With this adventure, failure (left, red) results in sanity loss, whilst success (right, white) means two clues (rerolls) and an Elder Sign! Yay!

Every adventure card features rows of symbols that represent a task that must be completed in order to succeed in the adventure. To attempt a task players roll the six green die and try to match the featured symbols in one roll. If they can’t, they discard one die and roll all the dice again until they either succeed or run out of dice. Complete all the tasks and the adventure is a success.

Obviously at this point you may well be thinking that the entire game is just one huge luck-fest, and I suppose it is, as much as any dice game. However, that luck can be mitigated in a number of ways.

The Museum entrance. The place for licking your wounds, sticky-taping your sanity and buying yourself some luck mitigation.

First there are the abilities of the individual characters, that might allow you to change certain die faces, or gain rerolls. Second there are the item and spell cards that can lock dice in place for future rolls (even for another player), or perhaps even add the valuable yellow and red dice into the mix, which are subtly different to the standard green dice and usually more help in task attempts (although not always!). Lastly it’s possible for active players to attempt tasks with compatriots at the same location, utilising them to lock dice before rerolls.

Good old Harvey. Weak in body but handy for changing die faces!

This means that by working together, utilising items and spells and attempting the right tasks with the right characters, you can vastly improve your chances of success and keeping safe your body and mind.

As players work to complete adventures before the Ancient One’s Doom track is filled, they constantly face mythos horrors drawn from the Monster cup/bag that increase the difficulty of tasks by adding or changing symbols. Also making life tricky are locked dice, where an Adventure or Mythos card (or even a Monster) can keep a dice out of play until a task is solved (or creature defeated etc.)

Monster tokens usually occupy white-outlined spaces on adventure cards, but must be placed even without them!

If you’re wondering whether everything happens within the confines of the Miskatonic Univerity, you’ll be pleased/horrified to discover that there is a second deck of Adventure cards — Other World cards — that come into play in various ways and allow players to travel and adventure through some of Lovecraft’s less terrestrial locations. These can often be more dangerous but usually yield far more Elder Signs than the usual museum fodder.

The Low-down

If you’ve ever played the FFG game Age of War, then you’ll feel right at home with Elder Sign, but unlike Age of War there are plenty of ways to mitigate your luck so you don’t feel so frustratingly at the mercy of fate. It also gives you a more narrative reason to roll in the first place, although due to the practically illegible flavour text on the Adventure cards this could have been so much more immersive.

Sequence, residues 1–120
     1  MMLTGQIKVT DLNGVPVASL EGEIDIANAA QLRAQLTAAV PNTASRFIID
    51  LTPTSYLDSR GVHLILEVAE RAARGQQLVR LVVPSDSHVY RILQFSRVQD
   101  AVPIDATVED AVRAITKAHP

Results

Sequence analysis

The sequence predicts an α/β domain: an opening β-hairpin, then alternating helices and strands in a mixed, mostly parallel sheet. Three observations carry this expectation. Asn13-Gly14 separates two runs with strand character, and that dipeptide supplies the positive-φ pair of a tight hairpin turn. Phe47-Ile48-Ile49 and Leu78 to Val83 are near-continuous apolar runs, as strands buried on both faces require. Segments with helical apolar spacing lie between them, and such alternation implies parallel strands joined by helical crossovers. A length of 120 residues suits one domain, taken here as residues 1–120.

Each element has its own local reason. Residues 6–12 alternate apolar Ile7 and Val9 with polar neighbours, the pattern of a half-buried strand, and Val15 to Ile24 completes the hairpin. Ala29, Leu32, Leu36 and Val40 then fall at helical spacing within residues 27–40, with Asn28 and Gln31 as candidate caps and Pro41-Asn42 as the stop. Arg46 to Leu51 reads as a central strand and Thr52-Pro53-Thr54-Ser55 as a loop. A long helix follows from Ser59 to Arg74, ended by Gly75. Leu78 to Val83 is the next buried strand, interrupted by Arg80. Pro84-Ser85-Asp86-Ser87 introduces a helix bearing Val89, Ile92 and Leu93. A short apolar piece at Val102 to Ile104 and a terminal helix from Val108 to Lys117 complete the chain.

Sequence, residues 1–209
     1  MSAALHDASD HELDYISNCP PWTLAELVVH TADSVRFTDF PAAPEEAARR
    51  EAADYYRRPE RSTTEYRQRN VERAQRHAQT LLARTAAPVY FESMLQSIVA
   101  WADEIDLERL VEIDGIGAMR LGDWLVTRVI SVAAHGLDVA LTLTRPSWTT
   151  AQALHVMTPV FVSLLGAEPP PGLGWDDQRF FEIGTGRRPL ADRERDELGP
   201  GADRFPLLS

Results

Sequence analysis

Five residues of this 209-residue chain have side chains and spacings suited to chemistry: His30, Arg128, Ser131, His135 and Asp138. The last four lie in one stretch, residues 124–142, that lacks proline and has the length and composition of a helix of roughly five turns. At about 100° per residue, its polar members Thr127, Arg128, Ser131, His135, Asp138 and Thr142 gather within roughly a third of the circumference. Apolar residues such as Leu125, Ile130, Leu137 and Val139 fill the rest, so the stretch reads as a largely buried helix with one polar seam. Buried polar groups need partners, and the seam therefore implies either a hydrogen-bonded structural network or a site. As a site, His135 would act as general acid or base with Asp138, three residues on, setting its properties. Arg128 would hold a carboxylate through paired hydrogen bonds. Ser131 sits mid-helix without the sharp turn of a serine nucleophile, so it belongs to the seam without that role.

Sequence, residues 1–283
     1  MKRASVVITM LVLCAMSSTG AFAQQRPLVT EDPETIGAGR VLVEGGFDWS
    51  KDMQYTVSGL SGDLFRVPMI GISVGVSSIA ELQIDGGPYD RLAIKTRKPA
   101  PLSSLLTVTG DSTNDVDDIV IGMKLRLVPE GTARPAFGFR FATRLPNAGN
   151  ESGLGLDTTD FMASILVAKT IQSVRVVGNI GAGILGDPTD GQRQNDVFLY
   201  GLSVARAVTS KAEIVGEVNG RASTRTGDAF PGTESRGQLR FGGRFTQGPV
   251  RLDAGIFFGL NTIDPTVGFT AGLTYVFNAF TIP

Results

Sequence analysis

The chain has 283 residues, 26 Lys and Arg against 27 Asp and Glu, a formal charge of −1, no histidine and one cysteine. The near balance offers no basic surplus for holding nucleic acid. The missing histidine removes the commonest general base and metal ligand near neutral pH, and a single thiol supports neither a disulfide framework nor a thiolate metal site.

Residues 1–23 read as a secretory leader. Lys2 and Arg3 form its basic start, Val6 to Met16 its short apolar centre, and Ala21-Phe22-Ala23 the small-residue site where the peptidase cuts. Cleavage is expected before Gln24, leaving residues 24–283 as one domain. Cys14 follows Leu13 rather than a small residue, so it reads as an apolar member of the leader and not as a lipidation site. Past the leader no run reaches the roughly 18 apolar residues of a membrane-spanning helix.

The game claims that it supports up to eight players, but I’ve found it usually works best with no more than four to avoid too tedious a downtime between turns. It’s a great two player game, and rocks a pretty good solo game too (yeah! Friday night! Rock’n’roll!).

Image: Fantasy Flight Games (play mat not included in the game)

Whether you enjoy Elder Sign is going to come down to the usual game considerations: theme, mechanics and play style.

If you’re sick to death of Cthulhu games or have no interest in Lovecraft in the first place then the theme might fall flat, although if you treat it like a generic period horror game to save the world you should be fine.

If you find dice-rolling randomness unappealing as a primary mechanic then you also might not give Elder Sign a second look, but I think you’ll find enough luck mitigation to make the experience feel somewhat tactical and not merely in the lap of the (Elder) Gods.

From left: Common and Unique items, Spells and Allies all help to mitigate Lady Luck.

Finally if you like your games merely competitive, then you might be turned off by Elder Sign’s co-operative nature… to which I’d perhaps suggest you not be such a curmudgeonly killjoy and show some love for your fellow geeks!

I find a lot to like about Elder Sign. It’s a good medium weight choice regardless of whether I’m looking for solo play or a game for a small group. It’s thematic, the artwork is gorgeous, the components are top notch, and there’s palpable suspense both when rolling the dice and as the clock ticks away towards seemingly inevitable doom.

It also doesn’t take up much space compared to many Cthulhu game offerings so is great to pack away and enjoy either as a solo traveller or as a family/group.

Not only is the game well supported, the expansions are really rather good, and make the game even better.

It’s also supported by a number of excellent expansions that don’t just add new content to the base game, but dynamically change it for the better, so if you like Elder Sign but feel it’s lacking a little something, then try mixing it up with Gates of Arkham or it’s fellow expansions, after all, what have you got to lose… but your sanity?

Pros:

  • Fantastic components that we’ve come to expect from FFG
  • Glorious artwork
  • Solo playable
  • Great bang for buck
  • Well supported with unique, game-changing expansions

Cons:

  • That flavour text font. It may as well say Iä! Iä! Cthulhu fhtagn!
  • Doesn’t necessarily scale well to the claimed higher player counts.
  • The Unseen Forces and Gates of Arkham expansions changes the game so much for the better that they’re almost essential purchases.